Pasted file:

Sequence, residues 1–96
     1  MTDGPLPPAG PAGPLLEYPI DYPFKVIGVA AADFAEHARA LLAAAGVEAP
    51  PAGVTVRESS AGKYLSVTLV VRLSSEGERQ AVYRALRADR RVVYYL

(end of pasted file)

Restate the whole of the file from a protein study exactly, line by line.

Sequence, residues 1–96
     1  MTDGPLPPAG PAGPLLEYPI DYPFKVIGVA AADFAEHARA LLAAAGVEAP
    51  PAGVTVRESS AGKYLSVTLV VRLSSEGERQ AVYRALRADR RVVYYL